Taking Your Petition to the County Council

Katie Thornburrow on the guided busway, with a bus passing at speed

The petition calling for a temporary speed reduction on the guided busway in Trumpington now has nearly 4000 signatures and we are still pushing hard for the proposal to be adopted by the bus operators.

Yesterday I spoke to the County Council about the issue, as they are the authority responsible for the busway. I felt that the councillors understood the issues, and want to thank them all and especially Jocelynne Scutt for their comments.  The meeting has been reported in the Cambridge News – thanks to Josh Thomas for being there.

We have already seen some changes – the white lines and warnings on the busway are a welcome development – but we need more.

This is what I said in my allotted three minutes:

Carrie Warren, who works at Cambridge Assessment, has asked me to speak as she can’t be here today.

The petition, which has nearly 4,000 signatures, calls for bus operators to reduce speed on a short section of the guided busway in my Trumpington ward until the results of the Health and Safety Executive investigation into the fatal accident on September 13 are published and can be considered, as it will make this section of the Busway safer for pedestrians and cyclists who are in close proximity to buses.

I represent my Trumpington residents, and started this campaign in June.  Now, I’m also representing the thousands of people who use the route and have signed the petition.  I’m representing Carrie Warren who set it up, and Damien Pitt who was hit by the wing mirror of a passing bus, and the son and family of Stephen Moir who died this summer on the route, and the bus passenger who witnessed the accident.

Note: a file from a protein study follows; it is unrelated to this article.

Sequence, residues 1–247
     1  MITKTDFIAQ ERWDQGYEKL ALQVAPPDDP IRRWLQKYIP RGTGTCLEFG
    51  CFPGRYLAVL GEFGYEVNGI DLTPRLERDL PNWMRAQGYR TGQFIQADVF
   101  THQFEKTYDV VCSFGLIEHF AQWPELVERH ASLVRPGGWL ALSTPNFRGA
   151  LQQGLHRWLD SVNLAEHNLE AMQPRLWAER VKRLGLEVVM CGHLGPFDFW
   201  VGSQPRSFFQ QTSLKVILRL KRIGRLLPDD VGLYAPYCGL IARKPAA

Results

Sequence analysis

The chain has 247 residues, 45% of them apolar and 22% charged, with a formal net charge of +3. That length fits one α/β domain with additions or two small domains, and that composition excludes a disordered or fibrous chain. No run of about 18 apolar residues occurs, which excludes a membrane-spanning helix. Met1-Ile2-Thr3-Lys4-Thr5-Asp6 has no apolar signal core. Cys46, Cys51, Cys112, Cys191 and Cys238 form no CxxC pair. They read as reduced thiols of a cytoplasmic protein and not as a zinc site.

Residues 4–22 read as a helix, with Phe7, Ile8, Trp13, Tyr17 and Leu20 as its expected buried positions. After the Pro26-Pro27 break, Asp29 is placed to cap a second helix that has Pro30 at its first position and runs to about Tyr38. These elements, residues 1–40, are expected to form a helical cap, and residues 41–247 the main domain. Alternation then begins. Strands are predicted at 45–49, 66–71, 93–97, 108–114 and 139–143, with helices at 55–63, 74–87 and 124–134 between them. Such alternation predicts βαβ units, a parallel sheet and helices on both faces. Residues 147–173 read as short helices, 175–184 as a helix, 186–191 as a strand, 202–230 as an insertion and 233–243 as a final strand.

You might ask us to wait until the full report is published, but we do not believe this is enough.

We are all  worried.

We want a safer route and we want to feel safer as well.

We are concerned because this route is too dangerous

Based on statistical evidence for the number of people injured or killed per vehicle movement, this Trumpington section of the guided bus is at least 8 times more dangerous than the A14.

And we are concerned because the route does not feel safe.

If you use the track to travel into town the buses will pass at intervals between 30 mins to 10 mins so you will not be sure when they will pass, unlike the constant or regular traffic on an urban road.

This is the busiest section of a public right of way and cycleway on the whole of the guided bus route. At peak times hundreds of people use the route to get to or from the station, major businesses, Long Road 6thForm College, the Biomedical Campus, and Trumpington too. It is a unique section of track due to its intensive use.

And the buses pass at up to 53mph, right at the edge of the track with only the 30cm kerb separating the bus from the track and those using it.

As unexpected buses pass, you can feel a big push and pull as each goes past, and people sometimes try to move away from the raised kerb and cause a bunching on the other side of the path.  This in itself can cause accidents.

Some have asked how this reduction would affect the bus scheduling.

Over the 700m section travelling at 20, rather than 53mph will add less than 1 ½ minutes to the journey. It will be less than this as the buses have to be slowing down on the last part to be travelling at 15mph when they leave the guided section.

1 – 2 minutes is negligible.

Just getting caught at a few red lights, or typical congestion in the unguided section will add this and surely the schedules already have some flexibility built in.

This is one of the busiest paths next to a bus route and it currently has the fastest speed restriction. No where else in Cambridge City do vehicles travel this fast.  Many busy streets in Cambridge have a restriction of 20mph for a good reason, safety. And this route should as well.

So I call upon councillors to act on the real concerns of local residents and those who use the path and support the move to limit the speed of buses on this part of the busway.

This will not solve all of the safety problems   More needs to be considered in conjunction with user groups and with public consultations. My campaigning has resulted in a white line to highlight the track kerb edge and safety notices, but slowing the buses will greatly increase the chances of a bus being able to stop if someone is in difficulty on the track.

If you’d like to know more, please get in touch